But here’s the rub—and the source of our suffering: the inverse is not necessarily true, though we tend to believe it is. What is valuable is not necessarily rare.

When I think about the things that I truly and deeply value—Love, Discovery, Courage, Creativity (among others)—I realize that they aren’t really rare at all—or they don’t have to be. There are endless wells of these resources, waiting to be tapped and unleashed. Now, I am assuming a basic level of health and safety here, and there are lots of examples of things that are both valuable and rare. But if I buy into the idea that the most valuable things are rare, then life becomes a very ugly competition indeed as your good somehow must take away from my opportunity for good. And this, my friends, is where we turn the shit wagon around. We can embrace the idea that we live in a universe where the most valuable things are abundant and where success is absolute—not relative.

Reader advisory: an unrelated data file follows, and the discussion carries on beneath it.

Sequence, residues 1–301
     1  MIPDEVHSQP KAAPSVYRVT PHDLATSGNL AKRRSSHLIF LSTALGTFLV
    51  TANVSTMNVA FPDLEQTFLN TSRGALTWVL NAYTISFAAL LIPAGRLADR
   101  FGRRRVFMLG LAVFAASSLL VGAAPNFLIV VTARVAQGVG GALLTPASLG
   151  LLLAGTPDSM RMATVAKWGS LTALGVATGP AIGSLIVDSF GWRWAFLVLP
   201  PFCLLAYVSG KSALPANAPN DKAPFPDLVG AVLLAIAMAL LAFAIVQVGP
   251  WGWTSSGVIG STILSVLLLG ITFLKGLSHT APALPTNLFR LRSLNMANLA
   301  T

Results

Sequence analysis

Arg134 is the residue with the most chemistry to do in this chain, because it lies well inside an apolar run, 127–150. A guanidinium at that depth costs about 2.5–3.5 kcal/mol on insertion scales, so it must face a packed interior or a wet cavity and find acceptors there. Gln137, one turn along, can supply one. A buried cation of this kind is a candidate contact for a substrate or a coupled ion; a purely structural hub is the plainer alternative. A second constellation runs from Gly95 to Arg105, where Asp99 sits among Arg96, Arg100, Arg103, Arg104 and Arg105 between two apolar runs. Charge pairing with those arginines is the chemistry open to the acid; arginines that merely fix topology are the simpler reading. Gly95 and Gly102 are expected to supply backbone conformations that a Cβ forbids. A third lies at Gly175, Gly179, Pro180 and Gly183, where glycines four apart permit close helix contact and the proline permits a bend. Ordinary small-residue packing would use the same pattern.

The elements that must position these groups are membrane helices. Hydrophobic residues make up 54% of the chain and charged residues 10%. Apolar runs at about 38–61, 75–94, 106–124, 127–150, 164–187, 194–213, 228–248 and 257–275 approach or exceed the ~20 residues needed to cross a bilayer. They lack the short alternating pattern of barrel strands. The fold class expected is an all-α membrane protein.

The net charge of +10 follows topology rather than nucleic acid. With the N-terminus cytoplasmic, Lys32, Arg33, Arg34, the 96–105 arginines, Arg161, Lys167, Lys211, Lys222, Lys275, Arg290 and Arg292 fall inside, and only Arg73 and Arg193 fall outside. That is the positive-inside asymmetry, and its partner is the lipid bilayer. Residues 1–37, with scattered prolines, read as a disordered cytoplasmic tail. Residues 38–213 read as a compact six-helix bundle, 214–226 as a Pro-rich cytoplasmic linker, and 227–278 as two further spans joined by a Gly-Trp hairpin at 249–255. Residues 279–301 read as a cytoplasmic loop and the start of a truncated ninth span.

Now I’m not saying we should go crazy on our credit cards because the bills will magically get paid by unicorns. But I have found that when I am able to put on a pair of abundance-tinted glasses and act as if there is enough good to go around, I feel much more peaceful and joyful, and everything gets easier. Instead of hording, I start to share, and more often than not, I get back far more than I give. Instead of feeling self-conscious and judgmental and defensive, I become uninhibited, curious, and inspired by that which is different than me. This openness makes me more creative. I begin to see society’s expectations as interesting, but kind of arbitrary, and thus adopt the elements that serve my personal journey of growth, reinforce the things I truly value, and support my moral code.